A health literacy education-focused intervention to improve community pharmacy adoption of universal precautions

2017-03-01T01:04:30Z (GMT) by Swinburne, Glen James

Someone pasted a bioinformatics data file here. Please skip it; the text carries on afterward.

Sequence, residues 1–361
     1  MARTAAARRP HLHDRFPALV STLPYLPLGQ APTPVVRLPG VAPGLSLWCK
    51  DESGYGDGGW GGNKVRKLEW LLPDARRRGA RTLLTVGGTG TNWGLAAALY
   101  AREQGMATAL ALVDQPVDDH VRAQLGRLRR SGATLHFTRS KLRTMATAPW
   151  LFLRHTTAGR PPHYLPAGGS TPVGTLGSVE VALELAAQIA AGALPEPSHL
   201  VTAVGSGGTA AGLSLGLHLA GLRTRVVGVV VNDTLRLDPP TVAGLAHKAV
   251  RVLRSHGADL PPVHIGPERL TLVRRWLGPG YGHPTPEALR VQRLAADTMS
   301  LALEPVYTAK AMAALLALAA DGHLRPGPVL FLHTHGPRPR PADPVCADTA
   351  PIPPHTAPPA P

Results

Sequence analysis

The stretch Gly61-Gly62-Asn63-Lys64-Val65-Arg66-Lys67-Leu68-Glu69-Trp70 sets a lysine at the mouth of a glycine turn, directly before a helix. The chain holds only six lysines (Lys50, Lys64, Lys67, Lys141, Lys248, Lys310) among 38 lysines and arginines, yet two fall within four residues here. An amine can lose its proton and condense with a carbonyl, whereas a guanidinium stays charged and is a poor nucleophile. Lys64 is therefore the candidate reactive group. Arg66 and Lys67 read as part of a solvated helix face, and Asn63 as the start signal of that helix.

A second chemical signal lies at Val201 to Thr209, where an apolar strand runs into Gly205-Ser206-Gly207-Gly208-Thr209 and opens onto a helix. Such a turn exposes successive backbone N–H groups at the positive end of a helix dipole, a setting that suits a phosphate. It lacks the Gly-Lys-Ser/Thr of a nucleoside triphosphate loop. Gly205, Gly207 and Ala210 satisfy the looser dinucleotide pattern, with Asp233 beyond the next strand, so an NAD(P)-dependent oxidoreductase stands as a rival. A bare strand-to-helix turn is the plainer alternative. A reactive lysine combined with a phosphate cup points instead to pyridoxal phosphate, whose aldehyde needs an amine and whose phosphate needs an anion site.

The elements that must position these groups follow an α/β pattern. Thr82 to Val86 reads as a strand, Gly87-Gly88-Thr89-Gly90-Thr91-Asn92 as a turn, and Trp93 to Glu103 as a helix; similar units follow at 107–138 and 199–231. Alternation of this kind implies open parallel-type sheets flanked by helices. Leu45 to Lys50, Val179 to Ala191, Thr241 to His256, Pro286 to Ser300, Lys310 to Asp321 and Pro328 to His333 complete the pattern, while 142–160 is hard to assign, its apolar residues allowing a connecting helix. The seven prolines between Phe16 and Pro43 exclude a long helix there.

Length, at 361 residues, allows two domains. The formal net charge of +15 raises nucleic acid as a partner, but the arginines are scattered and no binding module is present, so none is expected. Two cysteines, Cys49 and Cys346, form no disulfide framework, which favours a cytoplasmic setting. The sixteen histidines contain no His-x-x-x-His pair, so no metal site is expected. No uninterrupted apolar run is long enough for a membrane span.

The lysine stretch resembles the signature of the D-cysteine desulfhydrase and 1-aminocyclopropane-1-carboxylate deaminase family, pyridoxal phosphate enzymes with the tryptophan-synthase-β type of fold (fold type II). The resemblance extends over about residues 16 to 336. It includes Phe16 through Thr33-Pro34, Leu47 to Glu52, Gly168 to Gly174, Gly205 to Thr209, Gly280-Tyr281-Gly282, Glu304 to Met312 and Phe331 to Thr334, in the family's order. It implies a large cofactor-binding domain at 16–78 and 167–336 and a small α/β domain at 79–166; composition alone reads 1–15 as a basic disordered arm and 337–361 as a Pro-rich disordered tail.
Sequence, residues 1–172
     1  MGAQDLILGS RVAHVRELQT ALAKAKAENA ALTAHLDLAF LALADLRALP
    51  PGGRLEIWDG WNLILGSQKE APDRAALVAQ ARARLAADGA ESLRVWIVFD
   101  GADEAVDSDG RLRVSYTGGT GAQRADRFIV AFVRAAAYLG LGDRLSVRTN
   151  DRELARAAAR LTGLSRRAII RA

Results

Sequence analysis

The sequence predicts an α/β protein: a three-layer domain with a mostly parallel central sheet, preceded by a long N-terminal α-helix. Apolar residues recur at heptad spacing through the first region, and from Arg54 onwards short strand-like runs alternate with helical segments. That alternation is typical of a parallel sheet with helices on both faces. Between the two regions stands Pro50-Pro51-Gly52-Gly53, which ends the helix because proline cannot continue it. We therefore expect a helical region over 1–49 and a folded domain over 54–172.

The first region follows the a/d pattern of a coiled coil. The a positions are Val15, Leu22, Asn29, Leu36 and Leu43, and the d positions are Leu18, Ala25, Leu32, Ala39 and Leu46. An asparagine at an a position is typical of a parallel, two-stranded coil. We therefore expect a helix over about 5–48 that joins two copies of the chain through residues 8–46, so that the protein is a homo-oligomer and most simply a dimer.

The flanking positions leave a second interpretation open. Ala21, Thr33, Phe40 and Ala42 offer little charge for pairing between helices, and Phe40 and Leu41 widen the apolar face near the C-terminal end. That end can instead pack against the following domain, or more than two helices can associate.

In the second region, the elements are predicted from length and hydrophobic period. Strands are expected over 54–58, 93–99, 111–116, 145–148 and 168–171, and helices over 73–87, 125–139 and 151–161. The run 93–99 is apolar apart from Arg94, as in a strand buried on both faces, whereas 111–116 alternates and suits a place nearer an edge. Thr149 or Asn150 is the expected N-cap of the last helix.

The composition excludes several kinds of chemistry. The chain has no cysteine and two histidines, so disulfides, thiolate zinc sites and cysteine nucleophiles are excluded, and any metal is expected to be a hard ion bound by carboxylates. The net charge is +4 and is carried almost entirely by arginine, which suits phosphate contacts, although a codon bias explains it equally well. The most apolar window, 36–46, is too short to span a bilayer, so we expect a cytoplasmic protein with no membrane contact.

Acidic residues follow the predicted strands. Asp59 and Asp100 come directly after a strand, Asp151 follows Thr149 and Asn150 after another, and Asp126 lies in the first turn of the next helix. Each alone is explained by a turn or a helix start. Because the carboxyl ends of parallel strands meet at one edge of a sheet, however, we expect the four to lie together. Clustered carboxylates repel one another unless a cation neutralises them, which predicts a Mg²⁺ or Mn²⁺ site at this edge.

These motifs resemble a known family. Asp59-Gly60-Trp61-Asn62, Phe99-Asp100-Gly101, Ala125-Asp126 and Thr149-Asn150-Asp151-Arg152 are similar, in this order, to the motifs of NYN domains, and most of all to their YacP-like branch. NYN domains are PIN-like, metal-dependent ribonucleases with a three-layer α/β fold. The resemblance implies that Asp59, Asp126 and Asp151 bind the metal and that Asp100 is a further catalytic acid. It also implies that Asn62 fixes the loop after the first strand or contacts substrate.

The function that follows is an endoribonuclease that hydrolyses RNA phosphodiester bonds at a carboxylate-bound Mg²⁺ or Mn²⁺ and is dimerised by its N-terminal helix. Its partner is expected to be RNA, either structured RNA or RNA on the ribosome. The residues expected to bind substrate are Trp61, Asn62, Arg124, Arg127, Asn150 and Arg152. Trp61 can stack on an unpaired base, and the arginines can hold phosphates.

Background Health literacy is quickly becoming an important social determinant of health. Limited health literacy has a major impact on consumers’ ability to access, understand and use health information, as well as navigate complex healthcare systems. In the context of pharmacy, this can cause inappropriate medicine use and non-adherence, leading to medication misadventure and potential life-threatening consequences. It also has a costly impact on the health care system. The impact of limited consumer health literacy in the pharmacy setting in Australia has yet to gain significance. Health literacy awareness in the Australian pharmacy setting is low, yet pharmacies are at the forefront of healthcare in the community and are thus well-positioned to manage the issue of limited consumer health literacy. This requires pharmacists and pharmacy staff members to be skilled communicators, providing information to consumers at an appropriate level of complexity. Educational initiatives to increase the adoption of communication techniques by pharmacists and pharmacy staff members that focus on increasing consumer understanding of health information should be employed. A potential approach to achieving this is the use of communication techniques known as ‘universal precautions’. The universal precautions framework includes techniques to increase consumer engagement, such as use of open-ended questions (e.g. ‘What questions do you have?’), the teach-back method and demonstrating device technique where appropriate. Aims The overall aim of this research was to promote the adoption of universal precautions in community pharmacies in Australia using a health literacy education-focused intervention. Methods The research project was divided into five phases, four of which were led by the PhD candidate: - Phase 1 was an online survey to explore the various methods used to teach health literacy in schools of pharmacy in English-speaking countries. - The HeLP phase (not led by the PhD candidate) involved the design, development and implementation of a health literacy education-focused intervention for community pharmacists and pharmacy staff members in Australia. The purpose of this phase was to create an education-focused intervention designed to encourage the adoption of universal precautions by pharmacists and pharmacy staff members participating in the research project. This intervention was then evaluated in Phases 2, 3 and 4 of the project. - Phase 2 explored community pharmacists’ and pharmacy staff members’ motivations towards implementing health literacy training and how this may influence their intentions to do so. This phase utilised four types of mailed questionnaires designed for pharmacists and pharmacy staff members who were recruited in the HeLP phase of the research project. Factor analysis was undertaken to determine the underlying factors, followed by ordinal logistic regression to determine how these factors relate to intentions to implement the health literacy education-focused intervention and applyuniversal precautions with consumers - Phase 3 was an evaluation of the efficacy and effectiveness of the health literacy education-focused intervention on pharmacists’ and pharmacy staff members’ communication practice behaviours with consumers, particularly the use of universal precautions. Pre- and post-intervention data collection was conducted in this phase. Researcher-administered consumer questionnaires were conducted in-pharmacy before and after participating consumers interacted with a pharmacist or pharmacy staff member to determine the application of universal precautions. Simulated patients were also used pre- and post-intervention to objectively determine the uptake of universal precautions by pharmacists and pharmacy staff members. Pharmacists and pharmacy staff members were recruited in the HeLP phase of the research project. Consumers were recruited in-pharmacy by a research officer. Data analysis involved the use of Pearson’s Chi squared analysis. - Phase 4 involved focus groups with participating pharmacists and pharmacy staff members to explore their opinions on the usability, perceived effectiveness and ease of implementation of the health literacy education-focused intervention. Data in this phase was collected and transcribed, then analysed using thematic analysis based upon the grounded-theory approach. Participants were pharmacists and pharmacy staff members recruited using mailed invitations from the pool of participants recruited in the HeLP phase of the research project. Key findings The Phase 1 study incorporated results from 21 pharmacy schools in a total of six English-speaking countries. The study highlighted that the most favoured method by pharmacy academics to deliver health literacy education to pharmacy students in English speaking countries was through lectures and small-group learning sessions (38.1%; 8/21 for each). This study helped inform the delivery method of the health literacy education-focused intervention for community pharmacists and pharmacy staff members. In the HeLP phase, an evidence-based health literacy education-focused intervention was designed and developed, focusing on the use of universal precautions with consumers. The purpose of the HeLP phase was to create an education-focused intervention to encourage participating pharmacists and pharmacy staff members to adopt the use of universal precautions with consumers to help enhance the provision of health and medicines information. The intervention was underpinned by a train-the-trainer approach. The intervention was developed in two components: an initial train-the-trainer component, which aimed to train selected ‘pharmacy trainers’ from each pharmacy in the delivery of health literacy training, and an in-pharmacy delivery component, implemented by the pharmacy trainer in the pharmacy. A total of 77 community pharmacies from New South Wales, Victoria and Western Australia were recruited into the project. Pharmacies were block randomised into three groups: two experimental groups (receiving either face-to-face [Group 1, n=26] or electronic [Group 2, n=26] train-the-trainer training) and a control group (Group 3) that received no training. In Group 1, 20/26 pharmacies completed the intervention and in Group 2, 11/26 pharmacies completed the intervention. An additional 3/26 in Group 1 and 6/26 in Group 2 partially completed the intervention, while 3/26 and 9/26 pharmacies from Group 1 and Group 2, respectively, withdrew from the project. This study highlighted the barriers associated with implementing continuing education training into community pharmacies. This education-focused intervention was then evaluated using a variety of quantitative and qualitative research methods in Phases 2, 3 and 4 of the research project. This was conducted to determine the openness of participants to integrate the intervention and adopt universal precautions with consumers (Phase 2), the efficacy and effectiveness of the intervention (Phase 3), and to gather qualitative feedback regarding various aspects of the intervention for potential future revisions. Phase 2 revealed that pharmacists and pharmacy staff members are generally favourable towards undertaking health literacy training. Factor analysis was used to extract correlated factors, followed by ordinal logistic regression to determine the association of these factors to intentions to undertake health literacy training (the dependent variable). Following analysis, it was found that particular extracted factors, for example, having positive attitudes and beliefs towards applying health literacy training to consumer counselling, were significantly associated with having an intention to implement health literacy training (p<0.001). Preparedness and sustainability for implementation, and relevance of universal precautions and their potential benefits, were also associated with intentions to undertake training (p<0.001). Phase 3 demonstrated that the health literacy education-focused intervention had a significant impact on the use of the phrase ‘What questions do you have?’ by participating pharmacists and pharmacy staff members. Patient-recall data showed that the face-to-face group (Group 1) and the electronic group (Group 2) were significantly more likely to use the phrase compared to the control group (Group 3), post-intervention (RR: 4.86; CI: 2.27-10.52; p<0.001 and RR: 2.98; CI: 1.02-8.67; p=0.032, respectively). Simulated patient data showed an improvement in use of the same phrase within Group 1, pre- versus post-intervention (RR=8.17, CI: 1.06-62.78, p=0.013). Use of the teach-back method proved difficult to use with consumers, and was not widely implemented by pharmacists and pharmacy staff members. Phase 3 highlighted the difficulty in implementing more complex universal precautions such as the teach-back method compared to more simple techniques whose use was met with more success. In Phase 4, pharmacists and pharmacy staff members believed that the health literacy education-focused intervention was relevant to practice. Some difficulties were met in regard to the implementation of the intervention, in particular, arranging training sessions with staff. Concurring with the findings of Phase 3, participants believed use of the phrase ‘What questions do you have?’ was easy to implement, yet faced difficulty in the use of the teach-back method due to a lack of confidence and self-efficacy. Based on the results of this phase, future refinements to the intervention are recommended, such as including more video examples and activities demonstrating the teach-back method to build pharmacists’ and pharmacy staff members’ confidence in adopting this universal precaution. Conclusion This research project has identified that health literacy education is both prevalent in pharmacy schools in English-speaking countries (...)